On July 8, 2000, at 1000 Eastern Daylight Time, a Piper PA-32-300, N21072, was substantially damaged during landing roll-out at Fitchburg Municipal Airport (FIT), Fitchburg, Massachusetts. The certificated private pilot/owner was not injured. Visual meteorological conditions prevailed and no flight plan was filed for the personal flight conducted under 14 CFR part 91.

In a written statement, the pilot said:

"I left Fitchburg airport at 0730 am to use [the] auto pilot [to track] VORs. At around 0930 I noticed that my alternator light was on and [the] amp meter was reading 0 amps. I decided to track back to Fitchburg. Upon arriving at the airport, I dialed in ASOS on the radio. The winds were favoring runway 02, but I noticed that airplane traffic was using [runway] 32. I set up my 45 degree entry to the downwind for runway 32. On short final on [runway] 32, I set up for [a] cross wind landing. On touchdown, my nose wheel started to veer to the right into the wind. I tried to straighten the nose wheel, but could not. At that point I knew that I was heading off the runway to the grass. I shut off the engine with the ignition switch."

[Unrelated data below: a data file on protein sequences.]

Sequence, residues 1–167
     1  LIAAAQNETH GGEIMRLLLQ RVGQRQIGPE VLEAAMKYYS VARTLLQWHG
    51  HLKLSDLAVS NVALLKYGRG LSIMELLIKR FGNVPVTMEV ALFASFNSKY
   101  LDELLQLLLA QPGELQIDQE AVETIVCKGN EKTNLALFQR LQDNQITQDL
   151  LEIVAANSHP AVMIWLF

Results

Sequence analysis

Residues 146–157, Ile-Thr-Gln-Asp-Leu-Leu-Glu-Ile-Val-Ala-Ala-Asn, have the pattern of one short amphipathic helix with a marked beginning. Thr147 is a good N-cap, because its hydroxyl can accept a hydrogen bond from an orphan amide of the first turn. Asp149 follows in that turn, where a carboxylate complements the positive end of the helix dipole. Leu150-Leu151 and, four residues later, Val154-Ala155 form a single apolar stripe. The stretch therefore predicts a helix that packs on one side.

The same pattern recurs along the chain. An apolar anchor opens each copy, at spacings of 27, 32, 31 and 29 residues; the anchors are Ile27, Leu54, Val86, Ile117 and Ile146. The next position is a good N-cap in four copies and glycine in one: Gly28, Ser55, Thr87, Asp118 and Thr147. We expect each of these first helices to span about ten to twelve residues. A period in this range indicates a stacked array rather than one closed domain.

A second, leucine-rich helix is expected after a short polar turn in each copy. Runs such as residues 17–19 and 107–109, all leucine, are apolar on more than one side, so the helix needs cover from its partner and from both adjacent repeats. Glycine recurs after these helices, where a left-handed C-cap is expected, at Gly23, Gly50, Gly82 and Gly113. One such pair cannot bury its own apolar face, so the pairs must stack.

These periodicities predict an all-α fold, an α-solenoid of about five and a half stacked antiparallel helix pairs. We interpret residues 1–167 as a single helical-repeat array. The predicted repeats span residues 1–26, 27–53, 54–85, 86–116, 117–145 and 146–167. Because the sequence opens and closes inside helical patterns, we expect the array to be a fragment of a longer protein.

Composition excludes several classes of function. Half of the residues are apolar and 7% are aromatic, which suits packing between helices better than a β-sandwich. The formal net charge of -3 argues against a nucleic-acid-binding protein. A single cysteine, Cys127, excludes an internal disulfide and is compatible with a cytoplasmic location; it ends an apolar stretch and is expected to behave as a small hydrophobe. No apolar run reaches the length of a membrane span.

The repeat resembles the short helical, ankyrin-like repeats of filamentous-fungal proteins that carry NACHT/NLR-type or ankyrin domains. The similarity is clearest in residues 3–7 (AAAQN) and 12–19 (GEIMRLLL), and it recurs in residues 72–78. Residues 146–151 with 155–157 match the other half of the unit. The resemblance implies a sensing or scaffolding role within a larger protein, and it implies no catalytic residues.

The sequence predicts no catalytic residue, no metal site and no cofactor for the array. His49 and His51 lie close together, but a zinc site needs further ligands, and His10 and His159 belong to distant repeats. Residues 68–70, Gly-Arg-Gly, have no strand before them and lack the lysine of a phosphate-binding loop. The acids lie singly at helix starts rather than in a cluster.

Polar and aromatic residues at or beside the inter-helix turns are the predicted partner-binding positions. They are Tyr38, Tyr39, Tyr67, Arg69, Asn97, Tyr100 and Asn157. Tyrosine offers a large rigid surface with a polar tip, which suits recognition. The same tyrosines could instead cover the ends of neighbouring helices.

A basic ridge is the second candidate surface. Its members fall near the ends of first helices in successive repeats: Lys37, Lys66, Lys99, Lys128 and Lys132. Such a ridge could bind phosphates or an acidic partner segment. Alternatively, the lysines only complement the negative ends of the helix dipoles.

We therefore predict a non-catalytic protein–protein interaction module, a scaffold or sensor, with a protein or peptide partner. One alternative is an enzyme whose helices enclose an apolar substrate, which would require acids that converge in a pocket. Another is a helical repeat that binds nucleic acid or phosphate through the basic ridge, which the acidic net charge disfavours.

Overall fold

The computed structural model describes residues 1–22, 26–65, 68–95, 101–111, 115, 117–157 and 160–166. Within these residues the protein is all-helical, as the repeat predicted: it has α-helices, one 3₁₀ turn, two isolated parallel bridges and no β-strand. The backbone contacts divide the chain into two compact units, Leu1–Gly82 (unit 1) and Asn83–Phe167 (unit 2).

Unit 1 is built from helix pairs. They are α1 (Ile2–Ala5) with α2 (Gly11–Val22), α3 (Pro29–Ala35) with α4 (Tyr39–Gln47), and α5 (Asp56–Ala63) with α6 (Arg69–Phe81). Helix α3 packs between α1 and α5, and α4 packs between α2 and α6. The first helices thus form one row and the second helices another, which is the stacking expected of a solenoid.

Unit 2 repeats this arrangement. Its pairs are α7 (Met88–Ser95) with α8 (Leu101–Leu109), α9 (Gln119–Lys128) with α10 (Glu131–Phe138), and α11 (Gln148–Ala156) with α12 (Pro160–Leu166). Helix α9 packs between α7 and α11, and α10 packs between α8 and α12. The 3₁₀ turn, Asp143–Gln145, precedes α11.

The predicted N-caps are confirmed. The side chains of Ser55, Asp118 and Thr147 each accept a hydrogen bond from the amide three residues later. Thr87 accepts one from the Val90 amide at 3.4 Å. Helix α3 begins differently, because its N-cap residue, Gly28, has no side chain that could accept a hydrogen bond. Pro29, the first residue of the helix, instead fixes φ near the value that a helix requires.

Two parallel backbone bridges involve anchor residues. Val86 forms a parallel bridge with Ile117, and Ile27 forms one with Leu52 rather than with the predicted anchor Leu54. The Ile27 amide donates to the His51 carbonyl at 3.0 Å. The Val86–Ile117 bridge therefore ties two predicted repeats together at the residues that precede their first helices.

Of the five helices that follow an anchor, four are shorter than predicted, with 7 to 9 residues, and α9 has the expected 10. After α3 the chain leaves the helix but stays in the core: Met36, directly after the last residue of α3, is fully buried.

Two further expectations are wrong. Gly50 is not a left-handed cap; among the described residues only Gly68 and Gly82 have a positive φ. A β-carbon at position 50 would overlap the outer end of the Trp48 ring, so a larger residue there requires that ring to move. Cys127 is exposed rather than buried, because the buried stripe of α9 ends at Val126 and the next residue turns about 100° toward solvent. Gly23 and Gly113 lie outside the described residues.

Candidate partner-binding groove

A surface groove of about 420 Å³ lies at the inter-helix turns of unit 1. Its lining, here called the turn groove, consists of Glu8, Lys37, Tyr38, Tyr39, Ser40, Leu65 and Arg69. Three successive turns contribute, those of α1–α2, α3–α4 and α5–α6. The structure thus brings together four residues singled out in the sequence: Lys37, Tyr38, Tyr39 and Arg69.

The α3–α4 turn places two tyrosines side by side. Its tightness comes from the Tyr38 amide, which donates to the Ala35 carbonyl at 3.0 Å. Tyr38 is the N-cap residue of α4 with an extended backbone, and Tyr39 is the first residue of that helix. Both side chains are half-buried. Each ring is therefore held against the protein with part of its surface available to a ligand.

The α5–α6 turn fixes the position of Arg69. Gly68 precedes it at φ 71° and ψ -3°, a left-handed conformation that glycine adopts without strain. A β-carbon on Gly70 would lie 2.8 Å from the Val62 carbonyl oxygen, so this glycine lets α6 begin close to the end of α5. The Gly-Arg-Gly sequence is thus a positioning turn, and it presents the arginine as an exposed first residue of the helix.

Another pilot was flying in the FIT traffic pattern and observed N21072. In a written statement, he said:

"N21072 entered left downwind in front of me. [The] approach seemed normal. [The airplane] touchdown on centerline, started to drift to the left, and then skidded off the right side of the runway. The winds were 010-330 degrees, 7-8 knots."

A Federal Aviation Administration (FAA) inspector performed and on scene examination on July 8, 2000. According to the inspector, the nose gear had separated from the airplane, and the propeller and firewall were damaged.

On June 25, 2000, the pilot received a high-performance-airplane endorsement in N21072 from an FAA certified flight instructor. The pilot reported 150 total flight hours, of which 40 hours were in make and model.

The pilot also reported there were no mechanical malfunctions.

The airport's reported winds at 0952 were from 020 degrees at 12 knots.

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